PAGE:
They will do anything - anything - to fuck the future that is no longer theirs.

Hugo wonders what Jake is up to.

Jake was Hugo’s old roommate at drama school. While Hugo was never very good at memorizing classical texts, Jake excelled. For some reason, Jake never found it difficult to understand texts from a long bygone time. He spoke the old forms of English so fluently, one wouldn’t be surprised if they were to find out that Jake was a time traveller.

Truth be told, Jake did on one occasion tell Hugo he was a time traveller, but Hugo paid no heed to that ridiculous claim.

“How can you be a time traveller, Jake? If you were, you’d - I don’t know - travel into the future or something”

“I am in the future” replied Jake without any sarcasm in his voice.

“Thou art a dumbass if thou believe me not!”

A few months later, Jake disappeared. There was a note left in their dorm room alongside an old quill. Emmy and Hugo would get together soon after and she’d take Jake’s side of the room; unofficially of course, in case the school found out. It was a strict school. Men and women couldn’t be in the same room in case one turned out to be trans, that would be a public relations disaster - “school breaks safe space policy by allowing cis and trans individuals together”. The school would not be declared a loyalist to the old ways.

“You’re a dumbass” Emmy would say often “but I like you”.

Now thinking back, perhaps Jake could have been a time traveller.

“Hey Emmy” said Hugo while the couple ran with their suitcases “Do you think Jake would’ve known the correct lines?”

Emmy and Hugo strut around, arm in arm, suitcase by suitcase, flicking their angry ink at things they do not like. They do not like the statues that litter the boulevards, they do not like the City Hall, they do not like the billboards. They are squirting like startled squids at all the hateful things.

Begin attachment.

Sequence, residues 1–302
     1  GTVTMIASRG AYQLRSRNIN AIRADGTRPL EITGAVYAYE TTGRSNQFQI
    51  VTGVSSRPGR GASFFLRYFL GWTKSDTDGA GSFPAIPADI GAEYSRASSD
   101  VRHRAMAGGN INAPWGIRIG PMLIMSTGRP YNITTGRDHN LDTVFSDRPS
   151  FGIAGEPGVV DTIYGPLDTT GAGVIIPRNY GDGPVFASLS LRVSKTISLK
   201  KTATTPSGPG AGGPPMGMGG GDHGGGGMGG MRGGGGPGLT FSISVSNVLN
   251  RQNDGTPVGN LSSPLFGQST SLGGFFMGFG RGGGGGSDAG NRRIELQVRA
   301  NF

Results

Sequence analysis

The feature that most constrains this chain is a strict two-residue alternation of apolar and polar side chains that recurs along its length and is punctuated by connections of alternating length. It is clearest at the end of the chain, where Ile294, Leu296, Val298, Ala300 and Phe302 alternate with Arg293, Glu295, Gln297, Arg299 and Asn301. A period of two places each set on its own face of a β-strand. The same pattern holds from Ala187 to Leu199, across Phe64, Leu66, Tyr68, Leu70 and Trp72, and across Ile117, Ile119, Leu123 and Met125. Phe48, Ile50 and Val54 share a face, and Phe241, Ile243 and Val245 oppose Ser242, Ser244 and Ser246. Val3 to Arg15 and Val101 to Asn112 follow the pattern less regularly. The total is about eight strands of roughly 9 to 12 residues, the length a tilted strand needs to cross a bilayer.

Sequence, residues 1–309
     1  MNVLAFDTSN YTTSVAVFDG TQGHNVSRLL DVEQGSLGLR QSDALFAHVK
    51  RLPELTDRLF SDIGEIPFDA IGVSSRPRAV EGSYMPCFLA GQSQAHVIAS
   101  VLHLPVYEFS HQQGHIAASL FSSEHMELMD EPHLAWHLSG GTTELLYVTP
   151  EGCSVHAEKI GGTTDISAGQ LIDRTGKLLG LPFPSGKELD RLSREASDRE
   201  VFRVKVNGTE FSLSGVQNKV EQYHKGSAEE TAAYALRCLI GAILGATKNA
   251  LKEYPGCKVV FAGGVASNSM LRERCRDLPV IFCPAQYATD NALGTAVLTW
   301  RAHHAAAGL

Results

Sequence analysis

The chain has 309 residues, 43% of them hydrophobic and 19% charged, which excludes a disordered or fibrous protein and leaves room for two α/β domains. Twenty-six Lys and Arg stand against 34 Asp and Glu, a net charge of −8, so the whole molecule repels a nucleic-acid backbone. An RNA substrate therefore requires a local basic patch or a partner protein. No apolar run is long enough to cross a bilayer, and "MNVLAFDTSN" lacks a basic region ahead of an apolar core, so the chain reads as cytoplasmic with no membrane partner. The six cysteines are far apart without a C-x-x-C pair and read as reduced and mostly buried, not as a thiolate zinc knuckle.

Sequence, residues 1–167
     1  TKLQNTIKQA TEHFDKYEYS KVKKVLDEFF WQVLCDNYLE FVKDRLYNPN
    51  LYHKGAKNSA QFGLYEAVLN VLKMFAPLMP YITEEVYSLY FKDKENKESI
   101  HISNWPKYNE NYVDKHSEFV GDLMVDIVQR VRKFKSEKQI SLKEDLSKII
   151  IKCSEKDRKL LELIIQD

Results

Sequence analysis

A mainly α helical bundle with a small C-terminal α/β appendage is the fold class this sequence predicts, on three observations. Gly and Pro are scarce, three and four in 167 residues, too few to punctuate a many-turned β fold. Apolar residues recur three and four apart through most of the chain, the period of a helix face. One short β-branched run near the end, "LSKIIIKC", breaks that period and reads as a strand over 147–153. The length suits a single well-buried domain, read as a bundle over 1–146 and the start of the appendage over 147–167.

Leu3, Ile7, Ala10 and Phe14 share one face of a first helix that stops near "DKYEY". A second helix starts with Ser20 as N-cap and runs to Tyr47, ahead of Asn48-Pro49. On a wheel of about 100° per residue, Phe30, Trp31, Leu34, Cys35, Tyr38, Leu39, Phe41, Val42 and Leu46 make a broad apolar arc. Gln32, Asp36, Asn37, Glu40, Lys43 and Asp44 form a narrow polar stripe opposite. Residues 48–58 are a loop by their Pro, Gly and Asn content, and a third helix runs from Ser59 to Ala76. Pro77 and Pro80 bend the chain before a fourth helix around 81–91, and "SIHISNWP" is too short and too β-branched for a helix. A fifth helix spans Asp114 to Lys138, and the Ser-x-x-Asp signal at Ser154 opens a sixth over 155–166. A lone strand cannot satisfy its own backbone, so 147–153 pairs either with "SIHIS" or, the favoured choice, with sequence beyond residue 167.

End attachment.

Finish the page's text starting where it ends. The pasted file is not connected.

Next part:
Jake appears by the tax office.

“I’m here to stop you before you get to the police station.”

“Jake! We are using corrective ink. They deserve our inky razzmatazz!” Emmy shouts joyfully.

“No, I will take you to where your razzmatazz will be needed. And you’ll have bullets instead of ink.”

“There is no where that has bullets that doesn’t also need ink,” Hugo points out the same time that Emmy, who is the ornery of the two and also the most dreamy and idealistic, declares, “The police station is where we will have our bullets.”

But Jake, who is a time traveler and well-versed with Emmies and Hugoes past and present, knows just what to do in face of their defiance. From his pocket, he whips out a single strip of foil with the same chrome sheen of Hugo’s costume and waves it about in such a beatific spiraling pattern that Emmy cannot look away. All across its surface are inscriptions, stage directions.

“Come with me!” Jake spins on his heels and starts down the street with a jaunty little spring to his step. He does not need to look back; he is sure they will follow.

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Stage left
Stage right
Backstage

Alleyway

“New prop” said Jake as they picked up a pistol behind a bin.

“How the fuck…Never mind” said a surprised Hugo. Jake handed the gun to Hugo with a wink.

Around the alcove
Back on stage from stage left

“Don’t worry, fellow travellers” said Jake. No one was worried, Jake did not say that to hide his own fear. The fear was to be coming. Emmy heard sirens.

“At the next block, duck, take three steps to the side and then Hugo, please enjoy trying out your new prop” instructed the director.

In exactly half a block, Emmy heard voices. “The cops!” She cried.

“Remember the stage directions?”

They ducked, they swerved, side stage, stand up. Take out prop. Look straight at audience. Fire.